US demand for lamps is projected to decline nearly two percent annually in unit terms through 2015 as the market adjusts to the provisions of the Energy Independence and Security Act of 2007, which will effectively ban the sale of general service incandescent lamps starting in 2012. Compact fluorescent lamps (CFLs) and halogen lamps are expected to replace most incandescents. Since both CFLs and halogen lamps have much longer lives than incandescent lamps, the average replacement rate for lamps will decrease over time, depressing unit demand. However, because both CFLs and halogen lamps are more expensive than the incandescent lamps they will replace, the value of the lamp market is expected to increase 1.1 percent annually to $6.1 billion in 2015. Light emitting diodes will pose a serious threat to lamp demand in the long term. These and other trends, including market share and product segmentation, are presented in US Lamps, a new study from The Freedonia Group, Inc., a Cleveland-based industry market research firm.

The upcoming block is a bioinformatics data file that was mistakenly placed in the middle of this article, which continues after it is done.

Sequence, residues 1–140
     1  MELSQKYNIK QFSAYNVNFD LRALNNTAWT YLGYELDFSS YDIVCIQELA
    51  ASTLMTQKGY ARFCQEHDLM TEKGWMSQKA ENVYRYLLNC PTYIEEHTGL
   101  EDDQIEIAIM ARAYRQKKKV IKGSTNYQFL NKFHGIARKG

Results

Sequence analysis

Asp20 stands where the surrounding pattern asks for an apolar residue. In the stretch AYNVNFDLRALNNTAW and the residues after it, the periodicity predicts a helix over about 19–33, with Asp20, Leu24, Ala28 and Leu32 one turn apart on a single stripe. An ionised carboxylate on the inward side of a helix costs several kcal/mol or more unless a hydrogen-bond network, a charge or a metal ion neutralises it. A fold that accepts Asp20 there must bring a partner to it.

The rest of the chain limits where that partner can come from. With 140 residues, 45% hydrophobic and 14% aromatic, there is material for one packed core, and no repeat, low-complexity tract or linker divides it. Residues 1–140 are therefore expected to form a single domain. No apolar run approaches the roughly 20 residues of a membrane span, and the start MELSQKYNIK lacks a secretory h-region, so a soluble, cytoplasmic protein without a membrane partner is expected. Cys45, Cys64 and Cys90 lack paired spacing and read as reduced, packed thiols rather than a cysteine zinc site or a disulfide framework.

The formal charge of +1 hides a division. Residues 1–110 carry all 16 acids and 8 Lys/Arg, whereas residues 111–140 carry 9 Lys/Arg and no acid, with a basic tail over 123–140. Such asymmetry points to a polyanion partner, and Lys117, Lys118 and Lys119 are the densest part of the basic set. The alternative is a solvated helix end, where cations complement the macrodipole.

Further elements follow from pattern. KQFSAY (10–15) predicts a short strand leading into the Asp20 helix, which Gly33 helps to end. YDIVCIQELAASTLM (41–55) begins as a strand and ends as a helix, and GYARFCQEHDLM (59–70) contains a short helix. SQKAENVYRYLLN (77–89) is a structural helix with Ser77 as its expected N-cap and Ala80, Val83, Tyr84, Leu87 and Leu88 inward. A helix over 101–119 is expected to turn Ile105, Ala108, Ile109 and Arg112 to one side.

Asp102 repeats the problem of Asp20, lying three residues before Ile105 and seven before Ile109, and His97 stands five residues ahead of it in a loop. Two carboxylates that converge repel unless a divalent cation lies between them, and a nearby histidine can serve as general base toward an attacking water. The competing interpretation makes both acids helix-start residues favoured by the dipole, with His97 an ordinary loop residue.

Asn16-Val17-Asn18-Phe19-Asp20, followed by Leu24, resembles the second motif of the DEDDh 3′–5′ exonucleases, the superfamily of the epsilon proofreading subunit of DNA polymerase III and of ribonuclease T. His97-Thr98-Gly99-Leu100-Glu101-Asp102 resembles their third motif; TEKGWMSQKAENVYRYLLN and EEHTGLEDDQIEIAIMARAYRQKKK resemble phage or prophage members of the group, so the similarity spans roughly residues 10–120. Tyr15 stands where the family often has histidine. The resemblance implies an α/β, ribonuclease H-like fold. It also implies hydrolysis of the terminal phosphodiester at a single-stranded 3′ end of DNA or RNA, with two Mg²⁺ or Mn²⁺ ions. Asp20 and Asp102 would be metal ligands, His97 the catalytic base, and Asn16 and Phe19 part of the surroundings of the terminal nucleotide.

Halogen lamps are expected to see the strongest demand increases through 2015, rising almost eleven percent annually to $1.5 billion. These lamps are the most similar to traditional incandescents and will benefit from consumer familiarity, low initial cost and good light quality. In addition, an increase in motor vehicle production will spur halogen headlight demand. However, halogen lamps are less efficient and shorter-lived than LEDs and will face strong competition from these products over the longer term.
Demand for fluorescent lamps is projected to increase 1.7 percent annually to $2.7 billion in 2015, a deceleration from the rapid pace achieved between 2005 and 2010. Much of the gains in that period were in CFLs, which made strong advances in the residential market from a small initial base. While CFL demand will continue to benefit from increased efficiency standards and the replacement of incandescent lamps, the market for these lamps is maturing and, over the longer term, will decline due to competition from LEDs.
Through 2015, demand for high intensity discharge and other discharge lamps is forecast to rise 2.3 percent per year to $1.2 billion. These products will benefit from relatively robust growth in the outdoor lighting market, and increasing market penetration in the motor vehicle market. However, preventing even more rapid growth will be the expected moderation in prices for many types of electric discharge lamps.
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